Day 5: Animal Kingdom
On the drive into Animal Kingdom, I began to look forward to seeing Disney's Tree of Life. This larger than life spectacle sits dead center in the biggest of all the parks, with the rest of the attractions rotating around it. Animal shapes carve out its exterior, seen in better detail as you get closer to it.
As I said in my last post, I was already missing the castle of Magic Kingdom. However, I began to remember from a visit 9+ years ago that there was something kind of intriguing about this symbol. I couldn't put my finger on it until I realized I'd felt this way about every park we went to.
The expectations of people who come to Walt Disney World seem to be arguably higher than when they do anything else in their life. It's not about the money or the vacation factor - Disney promotes itself as more than a normal theme park - it's its own world of wonder that captures hopes and imagination and finds a way to make them tangible. Parents become kids again, and kids seem to stay kids longer.
I think this is what the icon of each park represents... a physical and visual anchor of what you hope to experience in that environment. The castle is "magical" and adventuresome; the Epcot ball is intriguing and unifying; the hat in front of the Chinese theater shows the many hats Disney wears in entertainment; and the tree of life has an earthy quality that makes you remember the natural resource the world is.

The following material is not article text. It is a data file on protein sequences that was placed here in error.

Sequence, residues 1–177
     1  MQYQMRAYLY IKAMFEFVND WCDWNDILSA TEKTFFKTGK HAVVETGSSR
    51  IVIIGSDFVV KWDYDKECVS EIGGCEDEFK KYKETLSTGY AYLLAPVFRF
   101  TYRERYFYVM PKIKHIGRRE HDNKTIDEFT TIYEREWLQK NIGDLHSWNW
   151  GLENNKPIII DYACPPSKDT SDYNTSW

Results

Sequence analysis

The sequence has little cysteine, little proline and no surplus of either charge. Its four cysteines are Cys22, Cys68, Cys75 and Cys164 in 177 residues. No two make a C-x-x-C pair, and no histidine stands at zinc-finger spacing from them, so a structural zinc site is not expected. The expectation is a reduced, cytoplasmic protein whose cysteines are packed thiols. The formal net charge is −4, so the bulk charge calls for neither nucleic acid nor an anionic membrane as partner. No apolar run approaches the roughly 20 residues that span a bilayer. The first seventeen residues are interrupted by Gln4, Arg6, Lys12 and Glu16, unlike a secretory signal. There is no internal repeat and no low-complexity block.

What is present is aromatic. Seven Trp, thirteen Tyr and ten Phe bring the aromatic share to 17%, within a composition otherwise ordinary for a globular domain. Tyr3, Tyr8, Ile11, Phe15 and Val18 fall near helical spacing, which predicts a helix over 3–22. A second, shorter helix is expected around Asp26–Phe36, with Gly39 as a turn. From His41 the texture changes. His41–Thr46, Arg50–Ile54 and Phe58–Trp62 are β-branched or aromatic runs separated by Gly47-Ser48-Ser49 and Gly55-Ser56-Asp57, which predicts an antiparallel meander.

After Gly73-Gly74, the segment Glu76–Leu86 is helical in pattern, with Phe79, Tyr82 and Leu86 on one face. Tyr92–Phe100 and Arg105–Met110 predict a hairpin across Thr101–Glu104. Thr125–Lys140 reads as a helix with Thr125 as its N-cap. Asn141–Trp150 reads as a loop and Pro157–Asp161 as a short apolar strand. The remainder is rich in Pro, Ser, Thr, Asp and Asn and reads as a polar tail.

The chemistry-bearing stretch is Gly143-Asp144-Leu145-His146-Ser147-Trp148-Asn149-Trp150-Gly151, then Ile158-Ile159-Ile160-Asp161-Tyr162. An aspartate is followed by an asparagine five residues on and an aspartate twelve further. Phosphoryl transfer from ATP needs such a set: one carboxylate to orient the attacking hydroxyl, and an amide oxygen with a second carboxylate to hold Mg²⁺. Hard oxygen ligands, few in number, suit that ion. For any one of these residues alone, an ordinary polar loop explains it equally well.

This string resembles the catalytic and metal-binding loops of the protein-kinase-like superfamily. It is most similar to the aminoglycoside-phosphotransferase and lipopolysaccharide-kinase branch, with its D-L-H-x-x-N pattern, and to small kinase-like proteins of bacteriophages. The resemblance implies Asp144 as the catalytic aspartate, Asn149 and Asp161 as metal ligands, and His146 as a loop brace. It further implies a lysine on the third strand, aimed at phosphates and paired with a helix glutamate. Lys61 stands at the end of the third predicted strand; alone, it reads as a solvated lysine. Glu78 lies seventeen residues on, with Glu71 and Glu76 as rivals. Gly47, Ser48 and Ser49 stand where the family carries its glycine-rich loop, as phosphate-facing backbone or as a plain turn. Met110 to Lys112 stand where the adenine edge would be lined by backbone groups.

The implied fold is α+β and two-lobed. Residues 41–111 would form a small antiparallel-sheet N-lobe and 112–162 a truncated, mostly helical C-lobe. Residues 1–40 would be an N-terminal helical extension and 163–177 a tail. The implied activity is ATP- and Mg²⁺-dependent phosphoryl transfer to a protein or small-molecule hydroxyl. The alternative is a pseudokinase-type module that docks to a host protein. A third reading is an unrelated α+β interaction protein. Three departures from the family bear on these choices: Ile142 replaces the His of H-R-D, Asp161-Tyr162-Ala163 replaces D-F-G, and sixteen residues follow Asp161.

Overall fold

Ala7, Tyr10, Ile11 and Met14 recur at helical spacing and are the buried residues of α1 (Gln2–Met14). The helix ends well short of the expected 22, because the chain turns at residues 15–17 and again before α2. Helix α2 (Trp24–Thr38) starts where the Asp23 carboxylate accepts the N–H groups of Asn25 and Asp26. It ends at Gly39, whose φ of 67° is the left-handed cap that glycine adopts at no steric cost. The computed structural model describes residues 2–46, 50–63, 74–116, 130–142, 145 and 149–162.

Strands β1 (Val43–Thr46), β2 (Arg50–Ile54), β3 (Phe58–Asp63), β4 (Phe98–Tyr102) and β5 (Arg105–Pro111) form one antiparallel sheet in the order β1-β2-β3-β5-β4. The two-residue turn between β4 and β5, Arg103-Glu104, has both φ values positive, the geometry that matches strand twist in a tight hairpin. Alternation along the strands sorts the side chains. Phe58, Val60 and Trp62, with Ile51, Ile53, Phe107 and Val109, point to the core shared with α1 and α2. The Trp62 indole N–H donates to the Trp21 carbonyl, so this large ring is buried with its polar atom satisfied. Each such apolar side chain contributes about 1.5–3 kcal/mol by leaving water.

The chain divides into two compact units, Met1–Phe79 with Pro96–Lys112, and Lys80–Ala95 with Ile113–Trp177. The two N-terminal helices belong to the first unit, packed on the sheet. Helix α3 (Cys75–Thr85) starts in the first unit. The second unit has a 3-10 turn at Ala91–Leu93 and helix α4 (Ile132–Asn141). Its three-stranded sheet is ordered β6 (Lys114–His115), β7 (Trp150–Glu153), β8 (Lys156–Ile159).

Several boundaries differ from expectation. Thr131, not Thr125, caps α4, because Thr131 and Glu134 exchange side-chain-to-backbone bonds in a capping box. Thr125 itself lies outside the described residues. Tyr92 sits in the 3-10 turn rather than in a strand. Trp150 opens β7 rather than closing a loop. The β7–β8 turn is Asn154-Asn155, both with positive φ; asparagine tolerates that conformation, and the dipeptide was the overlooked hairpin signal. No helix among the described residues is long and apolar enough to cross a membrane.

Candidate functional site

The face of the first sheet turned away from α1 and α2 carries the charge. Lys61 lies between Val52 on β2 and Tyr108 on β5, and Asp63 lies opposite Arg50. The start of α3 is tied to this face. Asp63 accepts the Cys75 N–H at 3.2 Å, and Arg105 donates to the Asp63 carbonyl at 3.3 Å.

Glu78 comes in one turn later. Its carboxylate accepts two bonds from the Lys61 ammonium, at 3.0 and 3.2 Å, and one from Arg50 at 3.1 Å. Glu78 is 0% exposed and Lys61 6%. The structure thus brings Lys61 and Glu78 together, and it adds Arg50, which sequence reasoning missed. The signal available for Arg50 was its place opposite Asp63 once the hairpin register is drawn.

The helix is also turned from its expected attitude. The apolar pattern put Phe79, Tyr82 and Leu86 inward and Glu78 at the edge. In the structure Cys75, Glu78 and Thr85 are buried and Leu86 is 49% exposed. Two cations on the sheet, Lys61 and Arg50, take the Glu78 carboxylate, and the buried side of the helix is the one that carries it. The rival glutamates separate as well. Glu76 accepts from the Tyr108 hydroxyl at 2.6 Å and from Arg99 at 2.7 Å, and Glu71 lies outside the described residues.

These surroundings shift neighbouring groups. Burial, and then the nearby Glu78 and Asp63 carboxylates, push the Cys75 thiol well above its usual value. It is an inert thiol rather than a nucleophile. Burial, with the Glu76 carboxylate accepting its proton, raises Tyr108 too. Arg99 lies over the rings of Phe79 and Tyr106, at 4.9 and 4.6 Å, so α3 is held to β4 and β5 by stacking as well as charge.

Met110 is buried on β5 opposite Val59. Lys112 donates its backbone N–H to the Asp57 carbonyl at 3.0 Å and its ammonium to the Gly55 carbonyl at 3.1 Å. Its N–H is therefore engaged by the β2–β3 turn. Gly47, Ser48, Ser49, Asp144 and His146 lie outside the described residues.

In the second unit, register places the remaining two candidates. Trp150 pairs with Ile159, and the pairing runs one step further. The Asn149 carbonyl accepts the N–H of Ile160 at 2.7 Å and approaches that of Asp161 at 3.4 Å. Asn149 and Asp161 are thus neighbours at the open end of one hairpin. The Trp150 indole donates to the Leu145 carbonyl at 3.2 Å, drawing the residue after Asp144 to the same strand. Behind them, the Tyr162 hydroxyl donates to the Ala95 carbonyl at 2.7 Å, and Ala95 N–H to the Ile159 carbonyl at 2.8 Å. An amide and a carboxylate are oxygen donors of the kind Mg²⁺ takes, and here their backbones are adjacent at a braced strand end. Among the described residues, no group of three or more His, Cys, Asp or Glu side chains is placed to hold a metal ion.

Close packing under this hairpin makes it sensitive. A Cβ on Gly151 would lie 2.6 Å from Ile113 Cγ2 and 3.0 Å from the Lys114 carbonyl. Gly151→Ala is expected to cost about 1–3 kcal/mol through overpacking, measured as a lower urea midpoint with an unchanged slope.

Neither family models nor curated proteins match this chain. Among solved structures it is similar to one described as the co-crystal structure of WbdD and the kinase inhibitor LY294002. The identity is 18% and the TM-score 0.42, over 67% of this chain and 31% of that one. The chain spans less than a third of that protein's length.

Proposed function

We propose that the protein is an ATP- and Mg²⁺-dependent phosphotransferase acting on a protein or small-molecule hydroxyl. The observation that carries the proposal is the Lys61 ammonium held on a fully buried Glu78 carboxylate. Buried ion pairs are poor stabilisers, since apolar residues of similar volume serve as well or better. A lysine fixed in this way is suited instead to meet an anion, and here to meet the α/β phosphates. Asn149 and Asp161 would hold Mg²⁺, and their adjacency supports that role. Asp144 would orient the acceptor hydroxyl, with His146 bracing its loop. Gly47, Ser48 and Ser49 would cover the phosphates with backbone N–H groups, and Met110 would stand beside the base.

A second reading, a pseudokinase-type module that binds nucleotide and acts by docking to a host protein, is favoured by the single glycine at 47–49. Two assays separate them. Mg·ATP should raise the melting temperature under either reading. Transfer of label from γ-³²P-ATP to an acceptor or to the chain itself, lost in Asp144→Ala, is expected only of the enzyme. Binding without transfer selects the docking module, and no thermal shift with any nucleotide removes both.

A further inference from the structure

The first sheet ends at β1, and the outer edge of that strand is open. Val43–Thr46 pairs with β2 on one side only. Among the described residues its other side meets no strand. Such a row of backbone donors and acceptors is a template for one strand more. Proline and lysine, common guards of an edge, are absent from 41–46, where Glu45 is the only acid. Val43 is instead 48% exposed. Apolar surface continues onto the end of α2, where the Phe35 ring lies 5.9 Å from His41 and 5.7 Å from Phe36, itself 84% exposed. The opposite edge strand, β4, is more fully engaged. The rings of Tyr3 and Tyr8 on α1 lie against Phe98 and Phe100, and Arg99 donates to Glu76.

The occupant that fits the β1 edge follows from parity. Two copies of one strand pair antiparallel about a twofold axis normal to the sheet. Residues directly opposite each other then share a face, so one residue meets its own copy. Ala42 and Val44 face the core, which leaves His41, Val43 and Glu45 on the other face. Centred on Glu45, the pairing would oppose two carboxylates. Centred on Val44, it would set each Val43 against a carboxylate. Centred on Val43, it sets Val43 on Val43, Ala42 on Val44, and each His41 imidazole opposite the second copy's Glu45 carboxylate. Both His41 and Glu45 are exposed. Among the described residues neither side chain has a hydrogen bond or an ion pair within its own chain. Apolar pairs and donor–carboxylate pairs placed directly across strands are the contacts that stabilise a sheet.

I've started looking around home, work, and play to consider this:
- What in my house represents "home" to my family? Is it the soft red blanket everyone craves when they're feeling sick or tired? Or the purple door on the front of our house that accents our landscape? Perhaps the "A warm Myles welcome" sign in front?
- Around our church, does the color scheme play into how people feel when they walk in? Is our use of crosses too little or too much? How about the people I see take communion on weeks we don't take it all together - is there something important about always making it available?
- Where I play, does the recreation center family locker room represent more than where my boys and I swim every week? Will they have fond memories of that smelly chlorine smell, not because of its odor but because that's "dad" time?
Never underestimate the power of icons. What you see as a piece of matter, may in fact matter to someone else and give them peace.
- Part 6 coming up.